The Florida Woman Who Was Arrested for Turning in Her Husband’s Guns
A Florida woman was charged with theft after turning her husband’s guns into the police after he was charged with aggravated domestic battery. This story made national headlines and became the foundation for a renewed debate over gun violence and domestic violence. The conversation became particularly charged after the woman was arrested for attempting to protect herself.
The woman spent six days in jail for “armed burglary” and “grand theft” after removing an assault rifle and handgun from her husband’s apartment. The charges have since been reduced to misdemeanor trespassing.
Highly Contested Divorce
The stressor for her husband’s outburst of violence appears to be raw feelings over the couple’s divorce. The charges against the husband stemmed from an incident in which he rammed her car with his own. The woman was able to get a temporary injunction against the husband after the incident.
Federal law makes it a crime for an individual who is under a restraining order to possess firearms of any kind. However, it is the duty of police to enforce the law and police have broad discretion when it comes to whether or not they will actually confront the individual against whom the order of protection is filed.
The police have no intrinsic duty that mandates that they enforce this law. If Mr. Irby had gone an attacked Mrs. Irby, neither she nor her family would be able to sue the police or the municipality related to their failure to enforce the law.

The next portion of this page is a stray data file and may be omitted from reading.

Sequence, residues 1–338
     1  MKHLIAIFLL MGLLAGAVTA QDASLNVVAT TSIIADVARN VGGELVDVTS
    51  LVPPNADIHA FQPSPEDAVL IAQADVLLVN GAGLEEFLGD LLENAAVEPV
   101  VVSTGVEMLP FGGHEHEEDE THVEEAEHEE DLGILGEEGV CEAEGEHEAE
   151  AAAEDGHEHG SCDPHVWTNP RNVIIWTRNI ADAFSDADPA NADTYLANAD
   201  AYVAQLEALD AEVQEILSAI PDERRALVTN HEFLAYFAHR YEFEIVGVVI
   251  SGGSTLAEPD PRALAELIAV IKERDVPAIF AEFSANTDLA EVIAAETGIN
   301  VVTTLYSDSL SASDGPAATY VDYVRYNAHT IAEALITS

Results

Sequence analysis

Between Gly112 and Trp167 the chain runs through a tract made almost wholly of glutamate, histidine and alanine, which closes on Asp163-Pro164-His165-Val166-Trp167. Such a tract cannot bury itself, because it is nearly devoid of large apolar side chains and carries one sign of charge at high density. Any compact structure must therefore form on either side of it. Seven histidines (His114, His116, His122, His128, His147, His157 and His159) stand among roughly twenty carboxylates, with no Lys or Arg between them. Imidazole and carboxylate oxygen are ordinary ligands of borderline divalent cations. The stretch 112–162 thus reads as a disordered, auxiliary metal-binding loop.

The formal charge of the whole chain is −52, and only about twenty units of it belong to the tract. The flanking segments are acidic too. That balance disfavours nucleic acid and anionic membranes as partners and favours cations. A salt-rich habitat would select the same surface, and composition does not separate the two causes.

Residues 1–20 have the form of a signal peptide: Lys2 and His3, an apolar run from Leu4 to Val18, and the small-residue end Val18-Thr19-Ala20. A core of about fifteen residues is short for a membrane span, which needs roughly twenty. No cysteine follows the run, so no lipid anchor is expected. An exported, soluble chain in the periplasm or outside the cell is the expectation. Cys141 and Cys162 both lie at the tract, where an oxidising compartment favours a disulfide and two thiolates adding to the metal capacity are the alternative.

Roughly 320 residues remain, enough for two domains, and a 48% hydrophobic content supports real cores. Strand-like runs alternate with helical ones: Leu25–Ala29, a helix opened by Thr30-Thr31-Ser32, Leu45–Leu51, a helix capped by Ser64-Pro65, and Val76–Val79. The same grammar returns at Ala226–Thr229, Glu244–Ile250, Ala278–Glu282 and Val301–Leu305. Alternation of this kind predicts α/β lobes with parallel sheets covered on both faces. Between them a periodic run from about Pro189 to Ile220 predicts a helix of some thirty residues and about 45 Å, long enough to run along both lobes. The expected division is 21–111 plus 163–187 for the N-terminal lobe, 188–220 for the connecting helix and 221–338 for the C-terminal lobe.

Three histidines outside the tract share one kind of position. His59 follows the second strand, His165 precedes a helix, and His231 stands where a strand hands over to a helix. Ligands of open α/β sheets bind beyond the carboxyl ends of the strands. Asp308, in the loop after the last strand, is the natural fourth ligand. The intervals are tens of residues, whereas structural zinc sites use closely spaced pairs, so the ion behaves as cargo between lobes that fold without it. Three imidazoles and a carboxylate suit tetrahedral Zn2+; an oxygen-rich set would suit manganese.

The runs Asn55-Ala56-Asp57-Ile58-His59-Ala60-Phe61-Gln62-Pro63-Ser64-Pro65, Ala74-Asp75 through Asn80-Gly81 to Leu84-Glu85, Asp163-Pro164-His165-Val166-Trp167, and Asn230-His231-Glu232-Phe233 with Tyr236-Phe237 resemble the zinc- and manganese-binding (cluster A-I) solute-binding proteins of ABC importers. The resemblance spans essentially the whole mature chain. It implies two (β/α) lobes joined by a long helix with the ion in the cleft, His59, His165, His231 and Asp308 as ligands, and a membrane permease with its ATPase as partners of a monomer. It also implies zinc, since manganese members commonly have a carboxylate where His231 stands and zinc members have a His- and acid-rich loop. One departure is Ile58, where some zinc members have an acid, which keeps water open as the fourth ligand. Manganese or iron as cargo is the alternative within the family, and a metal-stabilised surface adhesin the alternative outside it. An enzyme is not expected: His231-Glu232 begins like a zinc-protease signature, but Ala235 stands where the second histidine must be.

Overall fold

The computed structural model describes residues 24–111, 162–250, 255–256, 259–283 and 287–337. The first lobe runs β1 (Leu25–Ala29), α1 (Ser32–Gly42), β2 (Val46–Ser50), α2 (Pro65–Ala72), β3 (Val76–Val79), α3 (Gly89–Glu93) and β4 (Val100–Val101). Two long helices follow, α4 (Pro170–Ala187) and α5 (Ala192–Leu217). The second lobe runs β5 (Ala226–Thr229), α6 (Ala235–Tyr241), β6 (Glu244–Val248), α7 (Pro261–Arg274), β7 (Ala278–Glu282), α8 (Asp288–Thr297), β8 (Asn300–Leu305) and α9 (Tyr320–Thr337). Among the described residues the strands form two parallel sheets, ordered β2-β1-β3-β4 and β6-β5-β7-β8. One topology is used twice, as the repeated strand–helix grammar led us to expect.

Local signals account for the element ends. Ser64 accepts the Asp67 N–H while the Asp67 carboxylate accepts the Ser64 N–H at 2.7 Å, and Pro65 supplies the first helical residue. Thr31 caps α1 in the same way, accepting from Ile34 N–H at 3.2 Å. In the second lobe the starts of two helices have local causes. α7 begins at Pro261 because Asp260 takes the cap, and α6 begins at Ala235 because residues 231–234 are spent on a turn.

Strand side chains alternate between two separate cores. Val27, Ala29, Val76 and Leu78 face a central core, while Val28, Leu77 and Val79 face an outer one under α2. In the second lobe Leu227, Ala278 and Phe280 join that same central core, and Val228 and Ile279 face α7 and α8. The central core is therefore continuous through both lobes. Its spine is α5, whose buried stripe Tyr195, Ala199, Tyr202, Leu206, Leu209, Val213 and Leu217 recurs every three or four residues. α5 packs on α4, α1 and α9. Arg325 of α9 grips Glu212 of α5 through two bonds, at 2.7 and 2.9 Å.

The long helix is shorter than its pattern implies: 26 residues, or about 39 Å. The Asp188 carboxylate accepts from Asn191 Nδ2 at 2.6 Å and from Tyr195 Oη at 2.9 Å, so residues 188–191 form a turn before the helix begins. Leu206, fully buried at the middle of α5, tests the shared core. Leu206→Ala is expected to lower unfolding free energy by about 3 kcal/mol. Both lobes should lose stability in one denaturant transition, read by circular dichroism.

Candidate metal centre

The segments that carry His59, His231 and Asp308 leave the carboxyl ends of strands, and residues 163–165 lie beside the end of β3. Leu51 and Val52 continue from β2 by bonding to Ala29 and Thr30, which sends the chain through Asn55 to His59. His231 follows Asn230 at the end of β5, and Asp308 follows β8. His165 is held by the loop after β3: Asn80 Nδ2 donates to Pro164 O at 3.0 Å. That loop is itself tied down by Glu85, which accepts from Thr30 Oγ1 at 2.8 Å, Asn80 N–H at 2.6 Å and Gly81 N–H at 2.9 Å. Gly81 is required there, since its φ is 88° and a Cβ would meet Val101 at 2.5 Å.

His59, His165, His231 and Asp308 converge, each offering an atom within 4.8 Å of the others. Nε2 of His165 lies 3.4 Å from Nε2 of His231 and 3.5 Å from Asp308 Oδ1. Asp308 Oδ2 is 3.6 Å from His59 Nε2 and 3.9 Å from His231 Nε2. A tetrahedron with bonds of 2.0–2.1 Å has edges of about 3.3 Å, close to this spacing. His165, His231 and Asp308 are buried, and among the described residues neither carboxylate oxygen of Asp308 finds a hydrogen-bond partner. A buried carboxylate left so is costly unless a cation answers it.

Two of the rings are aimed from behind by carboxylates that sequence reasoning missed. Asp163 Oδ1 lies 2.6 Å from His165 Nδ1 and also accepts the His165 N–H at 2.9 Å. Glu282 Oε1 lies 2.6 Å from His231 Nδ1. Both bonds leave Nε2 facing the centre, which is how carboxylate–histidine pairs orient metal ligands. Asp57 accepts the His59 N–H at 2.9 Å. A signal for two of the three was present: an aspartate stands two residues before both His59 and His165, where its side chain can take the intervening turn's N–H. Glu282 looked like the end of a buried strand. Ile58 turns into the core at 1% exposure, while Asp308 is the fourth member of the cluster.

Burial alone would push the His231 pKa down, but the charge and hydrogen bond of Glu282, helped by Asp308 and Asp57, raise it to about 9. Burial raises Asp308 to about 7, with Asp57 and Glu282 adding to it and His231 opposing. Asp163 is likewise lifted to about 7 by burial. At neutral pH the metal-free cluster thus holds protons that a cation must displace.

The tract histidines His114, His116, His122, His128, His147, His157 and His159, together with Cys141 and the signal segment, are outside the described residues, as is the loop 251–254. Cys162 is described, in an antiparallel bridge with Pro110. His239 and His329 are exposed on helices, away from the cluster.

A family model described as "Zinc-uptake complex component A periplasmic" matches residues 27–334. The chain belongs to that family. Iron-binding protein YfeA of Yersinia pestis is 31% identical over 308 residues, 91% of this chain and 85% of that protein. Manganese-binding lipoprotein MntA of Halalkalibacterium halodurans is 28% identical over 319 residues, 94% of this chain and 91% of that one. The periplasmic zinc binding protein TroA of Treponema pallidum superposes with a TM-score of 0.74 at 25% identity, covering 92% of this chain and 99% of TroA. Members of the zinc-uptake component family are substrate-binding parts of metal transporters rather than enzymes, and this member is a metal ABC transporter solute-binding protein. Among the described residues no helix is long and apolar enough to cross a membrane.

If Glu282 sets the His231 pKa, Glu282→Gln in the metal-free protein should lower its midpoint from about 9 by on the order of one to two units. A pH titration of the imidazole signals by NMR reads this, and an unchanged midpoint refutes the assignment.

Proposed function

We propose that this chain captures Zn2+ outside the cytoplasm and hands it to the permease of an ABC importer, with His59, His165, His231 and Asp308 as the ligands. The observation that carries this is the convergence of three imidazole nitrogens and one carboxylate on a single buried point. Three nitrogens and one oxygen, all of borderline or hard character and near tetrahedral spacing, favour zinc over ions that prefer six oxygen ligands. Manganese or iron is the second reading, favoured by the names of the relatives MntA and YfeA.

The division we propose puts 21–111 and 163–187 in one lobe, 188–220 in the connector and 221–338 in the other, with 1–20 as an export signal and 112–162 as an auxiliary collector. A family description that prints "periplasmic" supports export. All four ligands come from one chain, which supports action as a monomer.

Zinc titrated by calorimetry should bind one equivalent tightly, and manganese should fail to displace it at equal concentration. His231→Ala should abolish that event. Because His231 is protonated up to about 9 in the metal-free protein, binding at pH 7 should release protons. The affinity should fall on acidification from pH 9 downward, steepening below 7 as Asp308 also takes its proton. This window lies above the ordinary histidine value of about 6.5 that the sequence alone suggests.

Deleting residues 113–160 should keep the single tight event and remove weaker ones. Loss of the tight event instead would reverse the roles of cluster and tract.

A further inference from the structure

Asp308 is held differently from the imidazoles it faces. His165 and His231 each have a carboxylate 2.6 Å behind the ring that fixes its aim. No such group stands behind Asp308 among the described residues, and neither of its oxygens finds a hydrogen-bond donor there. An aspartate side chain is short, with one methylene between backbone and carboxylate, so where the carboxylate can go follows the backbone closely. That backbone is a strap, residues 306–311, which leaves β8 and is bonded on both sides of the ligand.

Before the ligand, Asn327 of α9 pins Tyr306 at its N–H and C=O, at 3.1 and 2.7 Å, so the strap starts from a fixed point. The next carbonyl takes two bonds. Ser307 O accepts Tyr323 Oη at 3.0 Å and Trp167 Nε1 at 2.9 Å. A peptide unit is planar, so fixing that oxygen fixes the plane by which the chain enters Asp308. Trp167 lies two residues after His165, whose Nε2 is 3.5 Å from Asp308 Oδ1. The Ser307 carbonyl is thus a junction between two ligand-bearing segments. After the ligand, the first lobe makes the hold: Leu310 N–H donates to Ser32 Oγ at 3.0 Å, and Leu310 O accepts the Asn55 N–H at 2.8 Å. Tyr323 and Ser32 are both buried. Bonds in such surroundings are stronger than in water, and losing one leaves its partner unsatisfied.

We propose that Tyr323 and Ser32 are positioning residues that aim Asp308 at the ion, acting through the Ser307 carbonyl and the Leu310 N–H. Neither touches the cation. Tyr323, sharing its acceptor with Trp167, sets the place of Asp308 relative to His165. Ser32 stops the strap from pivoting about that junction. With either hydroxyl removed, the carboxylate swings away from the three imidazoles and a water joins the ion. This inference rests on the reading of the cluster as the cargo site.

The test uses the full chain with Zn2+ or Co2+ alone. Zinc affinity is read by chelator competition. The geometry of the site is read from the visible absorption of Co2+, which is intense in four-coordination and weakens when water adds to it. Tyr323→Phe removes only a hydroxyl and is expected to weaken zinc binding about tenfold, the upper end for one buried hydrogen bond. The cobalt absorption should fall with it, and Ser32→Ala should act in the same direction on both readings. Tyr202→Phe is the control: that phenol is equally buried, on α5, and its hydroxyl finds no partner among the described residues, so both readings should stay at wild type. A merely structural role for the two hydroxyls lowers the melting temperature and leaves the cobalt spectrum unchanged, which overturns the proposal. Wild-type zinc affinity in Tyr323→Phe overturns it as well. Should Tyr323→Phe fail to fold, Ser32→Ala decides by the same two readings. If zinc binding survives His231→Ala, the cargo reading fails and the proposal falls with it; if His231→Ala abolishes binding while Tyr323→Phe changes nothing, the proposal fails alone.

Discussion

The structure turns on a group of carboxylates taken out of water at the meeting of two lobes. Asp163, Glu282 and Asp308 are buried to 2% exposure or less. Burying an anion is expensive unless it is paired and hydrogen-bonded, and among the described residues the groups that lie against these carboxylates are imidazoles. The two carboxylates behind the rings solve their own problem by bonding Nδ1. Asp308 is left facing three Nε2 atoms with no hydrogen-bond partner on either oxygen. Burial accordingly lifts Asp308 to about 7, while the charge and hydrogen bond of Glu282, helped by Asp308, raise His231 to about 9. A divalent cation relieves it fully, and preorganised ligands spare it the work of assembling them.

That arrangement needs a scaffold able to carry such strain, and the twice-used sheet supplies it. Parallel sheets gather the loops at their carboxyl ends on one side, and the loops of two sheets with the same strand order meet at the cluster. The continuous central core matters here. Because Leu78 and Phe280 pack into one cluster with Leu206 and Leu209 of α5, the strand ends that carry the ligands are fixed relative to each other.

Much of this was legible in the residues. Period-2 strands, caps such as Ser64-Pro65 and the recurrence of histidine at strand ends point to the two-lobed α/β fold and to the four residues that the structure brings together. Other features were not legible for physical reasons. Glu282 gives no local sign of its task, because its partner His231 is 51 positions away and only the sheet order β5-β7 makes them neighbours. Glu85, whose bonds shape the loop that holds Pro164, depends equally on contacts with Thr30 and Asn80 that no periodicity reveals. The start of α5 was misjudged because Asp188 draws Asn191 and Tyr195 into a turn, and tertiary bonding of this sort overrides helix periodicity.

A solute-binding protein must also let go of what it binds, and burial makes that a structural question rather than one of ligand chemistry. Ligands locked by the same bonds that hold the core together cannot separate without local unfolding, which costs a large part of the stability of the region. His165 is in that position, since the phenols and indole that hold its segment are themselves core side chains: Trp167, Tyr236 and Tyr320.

Police also have broad discretion concerning what crimes they charge and under what circumstances they charge them. Prosecutors do as well and juries can nullify the law in situations where they believe enforcing it would create a greater tragedy.
Domestic Violence and Gun Ownership in Florida
While federal law is very clear on the topic, Florida law is less so. Federal regulations prohibit the sale of firearms to those who have an order of protection against them. Additionally, federal law requires the surrender of firearms in the event of an order of protection. In other words, it is a violation of the protective order to possess firearms while the protective order is in effect.
Subsequent to the injunction for protection, the court can issue a directive to law enforcement to remove the guns from the premises. But Florida law does not require the court to include this provision in the protective order. Additionally, Florida law nowhere authorizes the court to direct law enforcement to remove guns from the premises.
As a very pro-gun state, legislators are naturally suspicious of any regulations surrounding guns. Yet the result, in this case, appears absurd. It pits Florida’s laws against federal laws and law enforcement against federal law. As a result, you have a wife in fear of her life being overcharged with a serious while a husband who has committed aggravated domestic battery in open violation of the injunction not charged at all for his crime.
Talk to a West Palm Beach Attorney Today
If you are the victim of domestic violence or need an order of protection, the West Palm Beach family attorneys at Bruce S. Rosenwater & Associates can help ensure the court upholds the law. Talk to us today and we will address your concerns immediately.